Sarah Kellenberger Harpham said that when she was a youngster, a trip to Helen Winnemore's in German Village was always a treat.
The arts-and-crafts store was fascinating, with its shiny homemade trinkets, contemporary clothing, pottery and other assorted gifts -- all made in the USA.
"The most special gift under the Christmas tree was from Helen Winnemore's," said Harpham, now the owner of the store, which is celebrating its 80th anniversary this year.
The store, 150 E. Kossuth St., is part of a cluster of restaurants and retail businesses -- The Old Mohawk restaurant, The Red Stable, Schmidt's Fudge Haus and Schmidt's Sausage Haus und Restaurant -- on Kossuth, east of busy South Third Street.
Harpham said when she was 8 years old, the family moved to Alabama, and Helen Winnemore's was in the rearview mirror -- but was never far behind in thought.
She returned to Columbus to attend Ohio State University. When she graduated, Harpham knocked around from job to job, but none sparked her passion.
In 1997, when her mother told her the business was for sale, Harpham, then 28, jumped at the chance to buy it.
"I've been coming here since I was a little girl, and it was always my happy place," she said.
Winnemore, who died in 1996 at the age of 95, started the business in Grandview Heights and later moved it to Broad Street and Parsons Avenue before settling into German Village.
Harpham, a Clintonville resident, said she works with hundreds of artists from throughout the country who fill the various rooms with one-of-a-kind knickknacks as functional as they are eye-catching.
"The 'anytime' can be beautiful," she said. "The daily doesn't have to be ho-hum."
The selection is extraordinary and diverse, she said.
Wooden bread bowls, hoodie scarves, pottery, three-dimensional wooden animal puzzles, dog and cat clocks with wagging tails and Christmas ornaments line the walls and shelves of the 1,984-square-foot, two-story building, constructed in 1922, according to the Franklin County Auditor's Office website.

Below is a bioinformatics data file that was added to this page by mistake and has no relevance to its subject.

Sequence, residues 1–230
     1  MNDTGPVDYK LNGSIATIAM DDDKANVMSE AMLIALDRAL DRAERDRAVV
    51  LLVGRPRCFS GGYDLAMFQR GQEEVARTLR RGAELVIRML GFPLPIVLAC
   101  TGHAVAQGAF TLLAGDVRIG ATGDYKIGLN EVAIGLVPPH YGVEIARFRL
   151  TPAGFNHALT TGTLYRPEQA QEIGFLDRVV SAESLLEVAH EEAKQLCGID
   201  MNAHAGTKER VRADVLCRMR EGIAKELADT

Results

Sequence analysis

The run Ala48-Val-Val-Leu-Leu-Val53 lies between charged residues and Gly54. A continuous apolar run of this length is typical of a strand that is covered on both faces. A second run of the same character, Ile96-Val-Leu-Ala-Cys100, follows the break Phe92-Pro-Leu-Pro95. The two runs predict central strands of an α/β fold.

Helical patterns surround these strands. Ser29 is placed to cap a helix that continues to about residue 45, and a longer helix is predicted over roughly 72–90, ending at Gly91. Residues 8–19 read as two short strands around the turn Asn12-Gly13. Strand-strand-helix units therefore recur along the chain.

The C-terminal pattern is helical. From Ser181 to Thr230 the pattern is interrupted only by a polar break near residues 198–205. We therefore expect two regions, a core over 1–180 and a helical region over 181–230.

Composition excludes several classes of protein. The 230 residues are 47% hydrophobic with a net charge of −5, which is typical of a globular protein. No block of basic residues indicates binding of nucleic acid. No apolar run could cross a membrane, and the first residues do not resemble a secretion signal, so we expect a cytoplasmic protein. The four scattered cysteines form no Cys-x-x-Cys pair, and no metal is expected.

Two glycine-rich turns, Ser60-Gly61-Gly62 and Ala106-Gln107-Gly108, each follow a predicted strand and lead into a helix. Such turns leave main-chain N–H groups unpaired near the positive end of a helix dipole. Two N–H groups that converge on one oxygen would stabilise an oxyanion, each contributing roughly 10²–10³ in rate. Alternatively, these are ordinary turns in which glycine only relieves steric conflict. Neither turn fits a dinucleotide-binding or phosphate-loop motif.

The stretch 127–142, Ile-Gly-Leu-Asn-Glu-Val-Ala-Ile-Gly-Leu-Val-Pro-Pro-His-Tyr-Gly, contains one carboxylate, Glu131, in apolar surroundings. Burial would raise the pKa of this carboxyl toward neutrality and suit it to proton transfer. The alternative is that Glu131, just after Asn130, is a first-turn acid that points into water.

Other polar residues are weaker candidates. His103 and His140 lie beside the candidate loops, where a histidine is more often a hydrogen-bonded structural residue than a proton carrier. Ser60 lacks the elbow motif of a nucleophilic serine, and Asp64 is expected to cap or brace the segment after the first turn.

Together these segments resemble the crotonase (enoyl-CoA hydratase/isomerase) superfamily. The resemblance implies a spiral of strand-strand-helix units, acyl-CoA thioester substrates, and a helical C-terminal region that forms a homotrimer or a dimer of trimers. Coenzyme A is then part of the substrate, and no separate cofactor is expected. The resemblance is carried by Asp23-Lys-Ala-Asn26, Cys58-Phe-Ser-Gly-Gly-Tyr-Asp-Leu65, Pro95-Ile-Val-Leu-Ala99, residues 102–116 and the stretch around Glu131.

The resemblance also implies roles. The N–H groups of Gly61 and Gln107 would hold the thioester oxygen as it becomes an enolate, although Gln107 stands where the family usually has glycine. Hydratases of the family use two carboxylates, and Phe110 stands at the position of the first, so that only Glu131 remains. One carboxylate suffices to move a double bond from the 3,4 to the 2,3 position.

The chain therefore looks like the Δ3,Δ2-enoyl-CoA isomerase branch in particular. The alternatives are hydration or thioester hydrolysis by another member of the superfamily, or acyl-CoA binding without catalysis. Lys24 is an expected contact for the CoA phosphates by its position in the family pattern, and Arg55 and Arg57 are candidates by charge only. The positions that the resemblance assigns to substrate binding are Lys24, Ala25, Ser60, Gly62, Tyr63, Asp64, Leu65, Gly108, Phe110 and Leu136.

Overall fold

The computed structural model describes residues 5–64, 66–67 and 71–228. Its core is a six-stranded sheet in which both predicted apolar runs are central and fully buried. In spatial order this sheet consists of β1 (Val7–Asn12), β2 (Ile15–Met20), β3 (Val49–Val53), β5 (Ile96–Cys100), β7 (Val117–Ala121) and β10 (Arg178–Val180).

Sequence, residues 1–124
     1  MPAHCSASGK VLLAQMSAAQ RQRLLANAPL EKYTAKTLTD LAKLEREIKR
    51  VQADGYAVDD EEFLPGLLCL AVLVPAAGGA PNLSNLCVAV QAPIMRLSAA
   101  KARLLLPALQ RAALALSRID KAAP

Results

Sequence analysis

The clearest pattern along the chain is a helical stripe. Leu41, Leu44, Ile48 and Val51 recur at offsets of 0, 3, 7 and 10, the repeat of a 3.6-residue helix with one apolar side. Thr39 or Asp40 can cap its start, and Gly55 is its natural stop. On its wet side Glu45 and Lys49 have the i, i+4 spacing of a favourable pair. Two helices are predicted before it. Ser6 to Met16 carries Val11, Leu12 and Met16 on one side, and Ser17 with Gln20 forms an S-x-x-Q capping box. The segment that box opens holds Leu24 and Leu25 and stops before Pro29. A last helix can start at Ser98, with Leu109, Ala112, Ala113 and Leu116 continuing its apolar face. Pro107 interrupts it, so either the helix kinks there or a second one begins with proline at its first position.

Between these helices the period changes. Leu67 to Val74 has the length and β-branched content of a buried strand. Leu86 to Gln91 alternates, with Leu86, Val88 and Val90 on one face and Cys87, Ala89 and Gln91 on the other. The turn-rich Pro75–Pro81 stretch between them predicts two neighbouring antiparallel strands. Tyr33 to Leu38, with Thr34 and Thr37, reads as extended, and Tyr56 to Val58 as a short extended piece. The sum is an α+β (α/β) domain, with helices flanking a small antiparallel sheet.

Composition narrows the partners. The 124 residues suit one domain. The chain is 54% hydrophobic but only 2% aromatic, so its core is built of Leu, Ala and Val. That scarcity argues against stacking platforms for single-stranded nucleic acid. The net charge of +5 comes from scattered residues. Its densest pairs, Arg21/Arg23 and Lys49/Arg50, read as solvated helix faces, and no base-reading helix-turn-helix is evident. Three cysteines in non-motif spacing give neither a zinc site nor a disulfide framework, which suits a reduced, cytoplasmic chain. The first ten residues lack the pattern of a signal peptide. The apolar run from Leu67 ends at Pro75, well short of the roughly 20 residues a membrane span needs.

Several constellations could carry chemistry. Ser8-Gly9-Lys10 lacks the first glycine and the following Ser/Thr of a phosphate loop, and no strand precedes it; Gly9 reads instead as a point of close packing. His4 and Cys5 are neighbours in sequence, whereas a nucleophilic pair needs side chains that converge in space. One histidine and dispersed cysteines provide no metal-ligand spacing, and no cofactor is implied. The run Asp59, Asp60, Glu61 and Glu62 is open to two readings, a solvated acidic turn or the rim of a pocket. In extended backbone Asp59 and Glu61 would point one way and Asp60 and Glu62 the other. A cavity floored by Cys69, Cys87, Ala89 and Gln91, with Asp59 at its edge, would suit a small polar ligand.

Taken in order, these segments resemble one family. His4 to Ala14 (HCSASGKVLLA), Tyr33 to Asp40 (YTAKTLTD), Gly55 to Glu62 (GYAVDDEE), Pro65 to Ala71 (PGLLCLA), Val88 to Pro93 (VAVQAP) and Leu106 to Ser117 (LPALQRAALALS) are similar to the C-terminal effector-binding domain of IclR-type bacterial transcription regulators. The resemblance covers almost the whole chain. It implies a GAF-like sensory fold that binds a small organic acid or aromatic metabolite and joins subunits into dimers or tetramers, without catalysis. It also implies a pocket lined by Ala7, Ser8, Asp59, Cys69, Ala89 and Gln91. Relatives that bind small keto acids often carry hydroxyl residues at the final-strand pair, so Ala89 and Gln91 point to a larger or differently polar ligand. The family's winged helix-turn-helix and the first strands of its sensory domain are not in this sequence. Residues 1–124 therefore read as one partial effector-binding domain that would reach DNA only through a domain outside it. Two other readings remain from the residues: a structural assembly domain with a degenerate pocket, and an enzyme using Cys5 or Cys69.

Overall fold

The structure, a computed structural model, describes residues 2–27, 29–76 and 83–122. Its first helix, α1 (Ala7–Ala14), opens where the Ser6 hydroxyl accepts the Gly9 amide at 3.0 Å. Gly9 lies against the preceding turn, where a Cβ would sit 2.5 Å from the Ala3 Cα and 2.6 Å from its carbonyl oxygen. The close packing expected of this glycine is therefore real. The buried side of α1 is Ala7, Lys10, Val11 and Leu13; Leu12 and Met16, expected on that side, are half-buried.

The location has six rooms, including one dedicated to children's merchandise.
A jewelry cabinet on the first floor re-creates some of the spirit of the original store.
When Winnemore started out, customers would come into her shop -- then located in her house -- and enjoy searching through the drawers for prized trinkets.
Harpham said she's tried to keep up with evolving trends.
"You learn as you go, or at least I did," she said. "It took me about five to seven years to feel like I knew what I was doing."
Cindi Gahris Snyder, an administrative assistant who's worked for Harpham for 10 years, said Helen Winnemore's is "very much a community place."
"It's very much a sense of family here," Snyder said. "All of us who work here have an appreciation for art.
"Some of us not only have an appreciation, but are also artists," Snyder said, noting she is not one of the artistically inclined.
She said the artists whose works are for sale are gracious, friendly and environmentally conscious, as much of the merchandise is made of materials that's recycled, repurposed or sourced in the United States.
Winnemore's tradition is being honored by Harpham, Snyder said.
"Helen was such a visionary woman," Snyder said. "Helen had a real appreciation for American crafts and she wanted to bring American crafts to other people who appreciated it, and that was her philosophy. And Sarah is carrying on her vision."